Gath Dig – Day 4
Today was another dig day. This means an early start at 5:20, arriving at the site by 5:30, and digging shortly before 6 a.m. The weather was again sunny, with morning/late morning temps in the high 80s.
When we arrive at the site each morning, the procedure is this: Put up breakfast/break canopy; unlock chairs and tables and put them up too (seating for lunch and breaks); take all metal tools out of there trailer and that them to the area; raise the dig canopy over our area; map out a game plan for your square (in conversation with the area supervisor), and begin digging. Biblical archaeology is not rocket science, but it is science.
Archaeology is done in a way where there is certain way to dig, a certain time to use picks, hand tools, brushes, etc… There is a time to go down quickly (e.g. in order to find lower levels that may be stone walls, etc…) and a time to excavate more slowly. At all times, we are on the careful lookout for pottery, bones, and special objects.
We also set loci (location levels) and gather pottery (and bones) into buckets from that locus. Based on the pottery and architecture uncovered (e.g. walls, whether they are mud-brick or stone), we gain a good sense of the stratificationof each level we are digging through.
The Day’s Highlights
Today’s highlights in the square where I was working in were a few. First, we were able to dig through about a foot and a half of dirt today. Our objective is to hopefully find part of the gate structure that is believed to be still under us. Along the way, I have a basaltic grinding stone. This is classified as a special object. Levels were taken where it was uncovered, along with publishable pictures. Finding grinding stones is not that uncommon, but it was the first object found in our area so far.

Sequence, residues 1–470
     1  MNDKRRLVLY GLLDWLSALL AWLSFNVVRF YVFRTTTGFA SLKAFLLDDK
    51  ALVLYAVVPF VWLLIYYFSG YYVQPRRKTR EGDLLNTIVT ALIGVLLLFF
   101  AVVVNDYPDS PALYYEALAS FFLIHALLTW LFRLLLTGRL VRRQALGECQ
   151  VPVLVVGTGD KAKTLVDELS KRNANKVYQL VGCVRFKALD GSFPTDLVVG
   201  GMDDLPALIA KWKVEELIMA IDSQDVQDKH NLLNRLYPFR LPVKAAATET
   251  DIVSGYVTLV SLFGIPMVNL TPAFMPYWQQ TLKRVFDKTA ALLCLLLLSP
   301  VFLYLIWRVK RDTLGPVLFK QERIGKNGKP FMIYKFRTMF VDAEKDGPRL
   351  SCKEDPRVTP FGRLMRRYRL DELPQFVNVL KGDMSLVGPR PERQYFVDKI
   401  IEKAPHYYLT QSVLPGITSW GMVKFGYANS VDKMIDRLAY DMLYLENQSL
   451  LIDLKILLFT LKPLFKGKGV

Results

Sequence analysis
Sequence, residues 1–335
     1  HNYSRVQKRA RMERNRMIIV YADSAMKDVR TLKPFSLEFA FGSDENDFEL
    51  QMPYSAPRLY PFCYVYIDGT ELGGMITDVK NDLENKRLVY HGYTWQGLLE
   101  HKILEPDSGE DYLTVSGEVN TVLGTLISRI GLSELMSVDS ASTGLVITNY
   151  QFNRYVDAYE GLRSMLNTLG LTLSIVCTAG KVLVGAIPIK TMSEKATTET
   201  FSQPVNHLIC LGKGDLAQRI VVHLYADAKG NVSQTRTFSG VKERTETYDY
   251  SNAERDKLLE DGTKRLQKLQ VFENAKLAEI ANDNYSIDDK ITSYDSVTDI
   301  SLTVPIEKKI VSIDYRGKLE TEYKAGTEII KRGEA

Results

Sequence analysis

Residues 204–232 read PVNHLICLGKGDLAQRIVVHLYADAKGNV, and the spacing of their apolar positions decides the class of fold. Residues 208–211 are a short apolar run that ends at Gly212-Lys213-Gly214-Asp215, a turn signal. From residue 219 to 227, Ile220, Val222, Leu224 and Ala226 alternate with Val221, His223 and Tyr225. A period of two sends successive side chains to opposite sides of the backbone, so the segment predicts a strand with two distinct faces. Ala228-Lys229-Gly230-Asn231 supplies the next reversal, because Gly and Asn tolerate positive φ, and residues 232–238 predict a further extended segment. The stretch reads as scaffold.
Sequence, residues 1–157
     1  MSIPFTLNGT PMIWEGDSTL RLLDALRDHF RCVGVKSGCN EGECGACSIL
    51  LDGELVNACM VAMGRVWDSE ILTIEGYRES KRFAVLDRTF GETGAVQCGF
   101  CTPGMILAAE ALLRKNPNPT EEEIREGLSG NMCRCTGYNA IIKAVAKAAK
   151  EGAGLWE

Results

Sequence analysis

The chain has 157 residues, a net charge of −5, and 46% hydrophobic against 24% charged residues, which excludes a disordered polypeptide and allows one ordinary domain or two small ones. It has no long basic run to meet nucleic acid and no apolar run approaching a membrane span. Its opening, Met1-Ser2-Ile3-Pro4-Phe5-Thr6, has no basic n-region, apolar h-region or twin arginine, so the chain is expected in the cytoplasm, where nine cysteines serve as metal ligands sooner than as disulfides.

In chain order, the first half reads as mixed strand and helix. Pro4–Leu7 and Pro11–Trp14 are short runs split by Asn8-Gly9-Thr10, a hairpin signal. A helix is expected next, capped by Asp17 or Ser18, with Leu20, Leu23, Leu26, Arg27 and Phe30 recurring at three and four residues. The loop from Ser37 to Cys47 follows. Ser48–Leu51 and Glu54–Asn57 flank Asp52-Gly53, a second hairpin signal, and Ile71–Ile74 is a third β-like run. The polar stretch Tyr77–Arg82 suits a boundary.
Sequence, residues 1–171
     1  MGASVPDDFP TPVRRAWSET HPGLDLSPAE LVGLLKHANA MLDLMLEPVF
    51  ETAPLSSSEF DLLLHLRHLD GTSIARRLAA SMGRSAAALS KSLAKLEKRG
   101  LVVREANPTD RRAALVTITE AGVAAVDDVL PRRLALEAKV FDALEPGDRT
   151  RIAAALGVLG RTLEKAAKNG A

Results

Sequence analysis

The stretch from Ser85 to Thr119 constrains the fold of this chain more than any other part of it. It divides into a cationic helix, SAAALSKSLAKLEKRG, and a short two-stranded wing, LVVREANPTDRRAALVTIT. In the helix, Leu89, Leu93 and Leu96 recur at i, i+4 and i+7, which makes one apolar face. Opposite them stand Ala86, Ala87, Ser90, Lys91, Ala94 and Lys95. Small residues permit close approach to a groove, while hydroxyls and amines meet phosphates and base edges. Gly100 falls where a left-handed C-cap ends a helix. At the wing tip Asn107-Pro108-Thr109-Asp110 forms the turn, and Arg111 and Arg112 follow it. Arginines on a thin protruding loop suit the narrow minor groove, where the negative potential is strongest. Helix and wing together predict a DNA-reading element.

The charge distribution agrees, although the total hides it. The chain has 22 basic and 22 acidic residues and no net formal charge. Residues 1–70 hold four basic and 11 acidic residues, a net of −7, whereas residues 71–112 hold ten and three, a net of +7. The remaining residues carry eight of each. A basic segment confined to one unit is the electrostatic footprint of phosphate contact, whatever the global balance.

We continued to find lots of Philistine pottery
as well. All totaled, we collected about 4 full buckets of pottery today, with lots of rims, bases, and bi-chrome ware. We even found a very nice top of a flash again (pictured). If we are digging in a chambered gate, the volume of pottery we are pulling from this area (maybe the gate?) should not be surprising. By the way, Philistine pottery is much different than Israelite pottery.
In our square and in the square next to us, we are hopeful that we both will be excavating down to the other side of the gate. This is at least the theory. While my last day is tomorrow, the dig continues for 3 more weeks. So hopeful some confirmation will eventually come to prove the theory correctly. 🙂
Pottery Washing & Reading
After our watermelon break at 11 a.m., we continued to dig for another hour before packing it in for the day. We returned home for lunch and pottery washing in the afternoon. We also had our first pottery reading as well, with the experts (Dr. Erin Maeir) sitting around the table and identifying all the pottery food so far.
We also enjoyed a pizza party for dinner. Given how below par the food has been all week so far, the pizza was enjoyed by all!
Bedtime came early for most of us although some stay up and watch a World Cup soccer match. Not for this old guy! 🙂
Here are all the pictures from today.
Tomorrow is my last day to dig. An update will be shared.